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Private wealth in Kuwait nears $400 billion, growth to taper
July 2, 2017, 7:27 am
Though overall private wealth in Kuwait is expected to grow at a compound annual growth rate (CAGR) of 5.3 percent, to reach around US$400 billion by 2021, it will register a decline from the 6.2 percent growth shown in 2016, says a new study on global wealth by the Boston Consulting Group (BCG).
The 17th annual BCG study, which outlined the evolution of private wealth from both global and regional perspectives, found that much of the growth in Kuwait’s private wealth in 2016 came from increases in equities. In the past year, equities increased by 10.5 percent, while cash and deposits grew by 4.9 percent and bonds by 2 percent.
Over the next five years till 2021, equities are once again expected to be the primary contributors to the growth rate, growing at a CAGR of
7.3 percent, while cash and deposits are projected to grow at a slower4.5 percent CAGR.
Taking an in-depth look at wealth distribution in Kuwait, the BCG study found private wealth held by ultra-high-net-worth (UHNW)
households (those with above $100 million) in the country grew by 9.6 percent in 2016. However, the growth of private wealth of this
segment is expected to decline to 6.7 percent CAGR through 2021.
The upper high-net-worth (HNW) segment (those with between $20 million and $100 million) experienced the strongest growth in 2016 at 14.3 percent. In the next five years, the projected growth of this segment will see a slight slowdown to 11.6 percent CAGR.
In Kuwait, private wealth held by the lower HNW segment (those with between $1 million and $20 million) witnessed a steady growth of 7.2 percent in 2016. Private wealth in this segment has a slower projected CAGR of 5.8 percent over the next five years.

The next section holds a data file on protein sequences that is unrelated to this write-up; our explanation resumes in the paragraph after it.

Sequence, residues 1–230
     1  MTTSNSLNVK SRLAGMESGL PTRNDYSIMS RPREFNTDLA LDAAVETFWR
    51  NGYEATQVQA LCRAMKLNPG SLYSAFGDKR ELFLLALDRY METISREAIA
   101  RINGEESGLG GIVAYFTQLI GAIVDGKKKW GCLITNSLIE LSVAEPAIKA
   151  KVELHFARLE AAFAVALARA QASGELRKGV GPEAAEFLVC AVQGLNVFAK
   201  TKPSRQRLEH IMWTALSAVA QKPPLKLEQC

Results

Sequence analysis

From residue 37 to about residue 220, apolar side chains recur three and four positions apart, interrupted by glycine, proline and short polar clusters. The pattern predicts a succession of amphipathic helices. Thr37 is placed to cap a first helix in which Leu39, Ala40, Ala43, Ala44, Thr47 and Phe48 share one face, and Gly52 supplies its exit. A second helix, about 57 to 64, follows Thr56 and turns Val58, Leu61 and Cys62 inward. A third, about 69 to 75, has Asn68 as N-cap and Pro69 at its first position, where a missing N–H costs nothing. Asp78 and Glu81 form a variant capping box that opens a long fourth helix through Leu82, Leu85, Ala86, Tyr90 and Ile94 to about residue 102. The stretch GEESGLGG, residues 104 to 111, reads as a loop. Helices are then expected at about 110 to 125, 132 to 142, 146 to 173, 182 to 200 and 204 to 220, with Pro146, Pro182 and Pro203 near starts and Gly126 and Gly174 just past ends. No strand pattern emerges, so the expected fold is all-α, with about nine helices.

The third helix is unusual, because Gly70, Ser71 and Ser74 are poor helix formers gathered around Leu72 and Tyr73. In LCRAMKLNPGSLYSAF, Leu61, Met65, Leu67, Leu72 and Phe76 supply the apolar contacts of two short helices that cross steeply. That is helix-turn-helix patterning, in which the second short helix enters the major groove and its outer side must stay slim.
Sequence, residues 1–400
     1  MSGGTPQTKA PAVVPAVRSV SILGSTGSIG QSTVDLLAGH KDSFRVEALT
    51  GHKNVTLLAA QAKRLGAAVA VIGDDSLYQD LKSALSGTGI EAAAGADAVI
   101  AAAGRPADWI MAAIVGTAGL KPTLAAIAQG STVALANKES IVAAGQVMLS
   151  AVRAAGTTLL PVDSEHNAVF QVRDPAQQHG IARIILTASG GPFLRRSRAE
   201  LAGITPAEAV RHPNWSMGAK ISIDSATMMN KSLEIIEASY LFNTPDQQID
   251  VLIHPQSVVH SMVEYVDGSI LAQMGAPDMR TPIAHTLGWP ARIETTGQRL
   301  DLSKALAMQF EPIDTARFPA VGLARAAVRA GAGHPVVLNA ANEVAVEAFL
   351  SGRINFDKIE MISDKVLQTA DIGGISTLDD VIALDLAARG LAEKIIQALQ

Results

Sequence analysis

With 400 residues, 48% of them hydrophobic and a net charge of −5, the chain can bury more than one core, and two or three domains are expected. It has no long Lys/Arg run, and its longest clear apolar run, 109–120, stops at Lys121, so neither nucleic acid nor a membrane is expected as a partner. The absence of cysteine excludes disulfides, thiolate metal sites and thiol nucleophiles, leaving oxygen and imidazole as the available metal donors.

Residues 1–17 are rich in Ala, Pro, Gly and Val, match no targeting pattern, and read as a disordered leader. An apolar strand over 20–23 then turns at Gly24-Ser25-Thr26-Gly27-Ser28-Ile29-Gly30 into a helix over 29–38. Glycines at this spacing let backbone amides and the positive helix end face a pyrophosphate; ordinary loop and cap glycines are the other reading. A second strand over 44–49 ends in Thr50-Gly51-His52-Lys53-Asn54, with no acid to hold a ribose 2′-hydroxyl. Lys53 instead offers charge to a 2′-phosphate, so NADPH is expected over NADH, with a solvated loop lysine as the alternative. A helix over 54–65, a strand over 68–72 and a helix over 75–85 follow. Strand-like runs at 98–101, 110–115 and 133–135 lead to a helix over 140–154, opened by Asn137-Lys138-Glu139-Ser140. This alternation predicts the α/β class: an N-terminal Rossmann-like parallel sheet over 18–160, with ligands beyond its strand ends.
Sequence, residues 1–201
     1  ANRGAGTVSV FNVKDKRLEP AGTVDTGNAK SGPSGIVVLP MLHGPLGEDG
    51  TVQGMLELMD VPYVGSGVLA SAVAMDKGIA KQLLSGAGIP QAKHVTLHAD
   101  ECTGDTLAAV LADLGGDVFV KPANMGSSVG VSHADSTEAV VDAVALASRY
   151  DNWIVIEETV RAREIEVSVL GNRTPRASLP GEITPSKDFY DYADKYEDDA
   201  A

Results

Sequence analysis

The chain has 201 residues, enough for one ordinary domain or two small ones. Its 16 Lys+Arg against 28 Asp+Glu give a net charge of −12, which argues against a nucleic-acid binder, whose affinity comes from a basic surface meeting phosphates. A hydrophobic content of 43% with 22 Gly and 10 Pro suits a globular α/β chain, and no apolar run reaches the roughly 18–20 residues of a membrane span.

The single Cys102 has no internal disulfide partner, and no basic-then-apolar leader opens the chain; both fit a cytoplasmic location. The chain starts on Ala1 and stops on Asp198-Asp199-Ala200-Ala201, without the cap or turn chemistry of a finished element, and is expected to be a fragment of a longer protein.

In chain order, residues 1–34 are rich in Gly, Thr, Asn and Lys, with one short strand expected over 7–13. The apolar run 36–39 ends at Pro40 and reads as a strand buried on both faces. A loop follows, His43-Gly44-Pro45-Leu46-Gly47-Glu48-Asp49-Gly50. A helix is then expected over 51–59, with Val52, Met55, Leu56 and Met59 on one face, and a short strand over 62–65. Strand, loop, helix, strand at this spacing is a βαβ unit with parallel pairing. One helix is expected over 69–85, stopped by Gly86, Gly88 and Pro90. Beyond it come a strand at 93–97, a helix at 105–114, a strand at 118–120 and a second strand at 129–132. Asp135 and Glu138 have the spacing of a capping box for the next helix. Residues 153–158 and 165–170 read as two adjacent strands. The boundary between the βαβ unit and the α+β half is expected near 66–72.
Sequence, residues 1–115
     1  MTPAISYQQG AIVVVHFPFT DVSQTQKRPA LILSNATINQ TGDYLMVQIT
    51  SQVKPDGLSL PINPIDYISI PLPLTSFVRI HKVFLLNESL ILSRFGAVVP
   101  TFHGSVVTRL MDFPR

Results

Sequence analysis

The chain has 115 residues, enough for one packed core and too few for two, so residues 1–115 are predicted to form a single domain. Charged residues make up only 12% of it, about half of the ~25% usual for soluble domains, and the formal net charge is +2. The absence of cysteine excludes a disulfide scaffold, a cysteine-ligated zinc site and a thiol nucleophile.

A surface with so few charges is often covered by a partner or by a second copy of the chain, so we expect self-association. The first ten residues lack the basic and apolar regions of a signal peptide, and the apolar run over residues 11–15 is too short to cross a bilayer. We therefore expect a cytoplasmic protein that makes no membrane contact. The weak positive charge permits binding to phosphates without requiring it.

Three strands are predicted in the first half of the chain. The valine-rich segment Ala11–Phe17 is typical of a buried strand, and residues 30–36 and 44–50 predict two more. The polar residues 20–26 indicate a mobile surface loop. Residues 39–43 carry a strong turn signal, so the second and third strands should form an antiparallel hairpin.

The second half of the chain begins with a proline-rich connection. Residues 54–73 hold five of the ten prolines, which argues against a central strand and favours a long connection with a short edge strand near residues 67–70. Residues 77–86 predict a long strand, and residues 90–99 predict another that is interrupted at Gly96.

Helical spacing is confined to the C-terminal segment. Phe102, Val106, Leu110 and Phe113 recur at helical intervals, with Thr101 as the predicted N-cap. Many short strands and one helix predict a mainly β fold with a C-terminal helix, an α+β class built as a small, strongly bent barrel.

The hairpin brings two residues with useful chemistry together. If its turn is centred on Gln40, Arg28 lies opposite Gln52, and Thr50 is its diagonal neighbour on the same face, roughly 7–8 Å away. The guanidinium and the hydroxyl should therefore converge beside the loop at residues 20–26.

The total number of millionaire households (those with more than $1 million in net investable assets) in Kuwait increased by 2.6 percent in 2016. Looking ahead, growth is set to remain steady at 2.6 percent CAGR by 2021.
Over the next five years, wealth in the Middle East and Africa region is set to reach $12 trillion, with the UAE, Oman, Qatar, and Saudi Arabia’s contribution accounting for 21.1 percent of this wealth.
In the Middle East and Africa (MEA), wealth expansion should stem, in relatively equal portions, from existing assets and higher household savings, said the BCG report.
Looking ahead, the share of wealth allocated to each asset class is expected to remain stable, with regional wealth projected to rise at an annual rate of roughly 8 percent through 2021.
The findings of BCG’s report also revealed that, in 2016, Switzerland remained the largest destination for the Middle East and Africa’s offshore wealth, accounting for 31 percent with a projected CAGR of 4.7 percent over the next five years.
This was followed by the UK/Channel Islands at 23 percent with a CAGR of 5 percent, and Dubai at 18 percent with a CAGR of 4.5 percent.
In its global perspective, the BCG study found that global private financial wealth grew by 5.3 percent in 2016, to reach $166.5 trillion. This growth was driven primarily by accelerating economic growth and the strong performance of equity markets in many parts of the world.
All regions experienced an increase in overall wealth, with Asia-Pacific once again being the fastest-developing region, with nearly double-digit growth of 9.5 percent.
Western Europe posted modest growth (3.2 percent) as uncertainty over Brexit played a role. By the end of 2017, the level of private wealth in Asia-Pacific is projected to surpass that in Western Europe, and by 2019, the combined level of private wealth in Asia-Pacific and Japan is
projected to surpass that in North America.
The study also found that offshore wealth grew at a slower pace (3.7 percent) than onshore wealth did (5.4 percent) in 2016. Switzerland remained the largest offshore center, with a 24 percent share, but that share is projected to decline through 2021.
Hong Kong and Singapore remain the fastest-growing offshore centers globally because of both their status as the preferred booking centers for regional clients and the anticipation of strong growth in Asia-Pacific.
Expansion is expected to continue in the long term, but China’s ongoing restrictions on investment outflows may slow it down to some degree in the short term, warned the BCG report.


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